The ongoing project of “The River Has Two Banks” by Harb, Hijawi, and Touq traces the relations between Palestine and Jordan. The project will further explore the regional connection between the two areas and how local communities partner with each other to overcome social and political challenges.
“168:01,” a participatory installation by Iraqi-American artist Wafaa Bilal, uses technology and public participation to reconstruct the library of the University of Baghdad, in which over 70,000 collections of book were damaged and ransacked by military forces in 2003.
The installation includes book shelves that will enable physical and virtual visitors to reconstruct the lost books together. Viewers can also help rebuild the university library through an online donation system.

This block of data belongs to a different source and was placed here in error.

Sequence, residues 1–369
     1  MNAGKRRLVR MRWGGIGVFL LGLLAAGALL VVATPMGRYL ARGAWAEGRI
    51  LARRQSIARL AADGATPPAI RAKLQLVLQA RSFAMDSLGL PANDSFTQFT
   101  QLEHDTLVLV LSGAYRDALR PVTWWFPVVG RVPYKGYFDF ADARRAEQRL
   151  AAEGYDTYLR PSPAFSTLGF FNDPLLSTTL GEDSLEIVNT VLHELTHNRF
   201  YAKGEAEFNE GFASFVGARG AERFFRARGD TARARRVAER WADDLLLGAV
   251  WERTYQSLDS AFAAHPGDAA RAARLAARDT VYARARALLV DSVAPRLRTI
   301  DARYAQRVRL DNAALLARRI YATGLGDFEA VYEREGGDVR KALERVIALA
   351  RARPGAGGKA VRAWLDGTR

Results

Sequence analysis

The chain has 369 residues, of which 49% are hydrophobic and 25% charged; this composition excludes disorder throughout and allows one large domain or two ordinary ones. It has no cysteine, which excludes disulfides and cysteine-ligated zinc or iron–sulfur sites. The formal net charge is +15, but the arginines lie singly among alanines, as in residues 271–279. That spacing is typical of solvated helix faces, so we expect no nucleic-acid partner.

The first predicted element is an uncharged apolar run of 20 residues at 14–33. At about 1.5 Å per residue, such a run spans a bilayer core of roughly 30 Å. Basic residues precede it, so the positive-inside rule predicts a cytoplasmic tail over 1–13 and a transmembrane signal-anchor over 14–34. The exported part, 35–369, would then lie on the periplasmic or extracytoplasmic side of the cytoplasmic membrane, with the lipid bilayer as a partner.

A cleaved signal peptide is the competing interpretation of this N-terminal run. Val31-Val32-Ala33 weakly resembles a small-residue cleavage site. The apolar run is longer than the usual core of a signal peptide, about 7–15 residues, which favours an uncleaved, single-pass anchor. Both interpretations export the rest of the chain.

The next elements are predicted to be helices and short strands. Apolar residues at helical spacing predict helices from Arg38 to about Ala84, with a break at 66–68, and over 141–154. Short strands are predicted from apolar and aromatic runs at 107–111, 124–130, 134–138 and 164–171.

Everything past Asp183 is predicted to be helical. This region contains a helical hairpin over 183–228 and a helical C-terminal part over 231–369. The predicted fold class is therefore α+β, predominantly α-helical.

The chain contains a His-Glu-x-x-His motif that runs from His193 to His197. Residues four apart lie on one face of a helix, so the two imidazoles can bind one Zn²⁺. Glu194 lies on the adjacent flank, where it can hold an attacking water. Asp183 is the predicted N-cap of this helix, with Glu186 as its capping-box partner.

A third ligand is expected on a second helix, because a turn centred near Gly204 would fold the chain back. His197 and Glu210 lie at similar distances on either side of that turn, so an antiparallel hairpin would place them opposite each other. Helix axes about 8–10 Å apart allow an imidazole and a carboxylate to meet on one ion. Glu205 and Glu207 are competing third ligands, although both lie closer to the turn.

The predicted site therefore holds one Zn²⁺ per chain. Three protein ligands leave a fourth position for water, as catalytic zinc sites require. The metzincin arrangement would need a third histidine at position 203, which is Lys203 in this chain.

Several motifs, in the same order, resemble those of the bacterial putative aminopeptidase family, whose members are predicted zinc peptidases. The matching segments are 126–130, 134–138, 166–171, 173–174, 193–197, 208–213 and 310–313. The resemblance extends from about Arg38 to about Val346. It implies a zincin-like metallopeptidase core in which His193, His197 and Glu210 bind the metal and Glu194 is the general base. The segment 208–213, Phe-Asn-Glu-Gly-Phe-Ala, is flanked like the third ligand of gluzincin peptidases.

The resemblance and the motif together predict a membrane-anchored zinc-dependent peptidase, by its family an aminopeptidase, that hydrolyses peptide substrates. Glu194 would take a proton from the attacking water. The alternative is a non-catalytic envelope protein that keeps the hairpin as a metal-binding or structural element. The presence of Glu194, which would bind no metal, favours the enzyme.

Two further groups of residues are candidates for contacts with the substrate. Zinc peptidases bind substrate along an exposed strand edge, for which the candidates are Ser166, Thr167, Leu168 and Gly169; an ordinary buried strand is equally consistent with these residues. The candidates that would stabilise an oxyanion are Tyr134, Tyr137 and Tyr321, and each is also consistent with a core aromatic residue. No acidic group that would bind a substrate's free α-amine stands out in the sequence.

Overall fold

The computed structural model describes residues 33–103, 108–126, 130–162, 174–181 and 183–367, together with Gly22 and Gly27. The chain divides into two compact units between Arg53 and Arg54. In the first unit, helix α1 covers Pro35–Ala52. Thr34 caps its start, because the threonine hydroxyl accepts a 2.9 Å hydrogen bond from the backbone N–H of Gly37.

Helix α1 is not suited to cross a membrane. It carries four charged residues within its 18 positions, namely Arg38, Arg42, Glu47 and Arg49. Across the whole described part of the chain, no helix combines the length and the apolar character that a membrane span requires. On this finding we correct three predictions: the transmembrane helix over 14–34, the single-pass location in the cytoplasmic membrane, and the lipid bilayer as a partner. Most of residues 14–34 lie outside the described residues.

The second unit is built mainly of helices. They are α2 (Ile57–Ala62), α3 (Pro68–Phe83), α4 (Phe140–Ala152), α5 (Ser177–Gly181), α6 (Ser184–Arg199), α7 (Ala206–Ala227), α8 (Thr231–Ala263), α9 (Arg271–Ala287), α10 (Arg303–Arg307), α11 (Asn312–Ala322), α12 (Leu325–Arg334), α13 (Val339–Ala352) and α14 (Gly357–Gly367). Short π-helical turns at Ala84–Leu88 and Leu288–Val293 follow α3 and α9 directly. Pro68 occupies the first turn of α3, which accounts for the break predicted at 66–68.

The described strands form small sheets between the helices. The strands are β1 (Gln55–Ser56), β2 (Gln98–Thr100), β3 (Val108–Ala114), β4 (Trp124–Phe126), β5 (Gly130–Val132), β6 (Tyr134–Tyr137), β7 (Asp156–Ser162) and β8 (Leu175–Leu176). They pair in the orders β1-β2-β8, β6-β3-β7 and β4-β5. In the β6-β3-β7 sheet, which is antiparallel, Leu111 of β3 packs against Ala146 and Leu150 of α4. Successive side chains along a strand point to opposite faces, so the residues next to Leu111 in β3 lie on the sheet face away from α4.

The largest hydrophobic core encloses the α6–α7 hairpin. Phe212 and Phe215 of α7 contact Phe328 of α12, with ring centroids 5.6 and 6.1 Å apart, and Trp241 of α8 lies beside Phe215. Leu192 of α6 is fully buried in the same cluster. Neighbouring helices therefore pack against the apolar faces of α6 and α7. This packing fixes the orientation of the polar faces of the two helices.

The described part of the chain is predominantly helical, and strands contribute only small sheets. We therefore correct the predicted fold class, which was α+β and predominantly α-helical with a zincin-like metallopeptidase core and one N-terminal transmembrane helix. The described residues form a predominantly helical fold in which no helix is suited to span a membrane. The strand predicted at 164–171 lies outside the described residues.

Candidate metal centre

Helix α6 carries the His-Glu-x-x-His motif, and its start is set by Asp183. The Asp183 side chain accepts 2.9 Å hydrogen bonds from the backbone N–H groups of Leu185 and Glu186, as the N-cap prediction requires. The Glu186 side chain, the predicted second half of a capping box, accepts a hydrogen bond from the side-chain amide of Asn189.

Indonesian curator Ade Darmawan believes that it is important to use artistic practice to predict the future. He invited art collectives to participate in the biennial to observe the development of Southeast Asian contemporary art through dialogues between different groups, especially on the changes in social structure and the environment following the rapid economic development of Asian cities.
The Jatiwangi Art Factory, for example, created the “Super Natural Agricultural Investment Project (超自然農業投資計劃)” for Taiwanese investors and villagers from the Indonesian village of Wates to discuss and implement a cultural development project proposed by local artists in a business meeting.
The project was not only a form of art performance for people to understand developmentalism but also a way to strengthen civil negotiation for confronting the Indonesian Air Force that claimed Wates village in 1951.
Art Labor is a Vietnamese art group that has been reviving and promoting the wood-carving culture of Jrai village through holding workshops, exhibitions, and film screenings in cooperation with experts from different fields. They will present “Jrai Dew Sculpture Garden” to critique the chaos created by humans and the cost that society has to pay for the new economic system.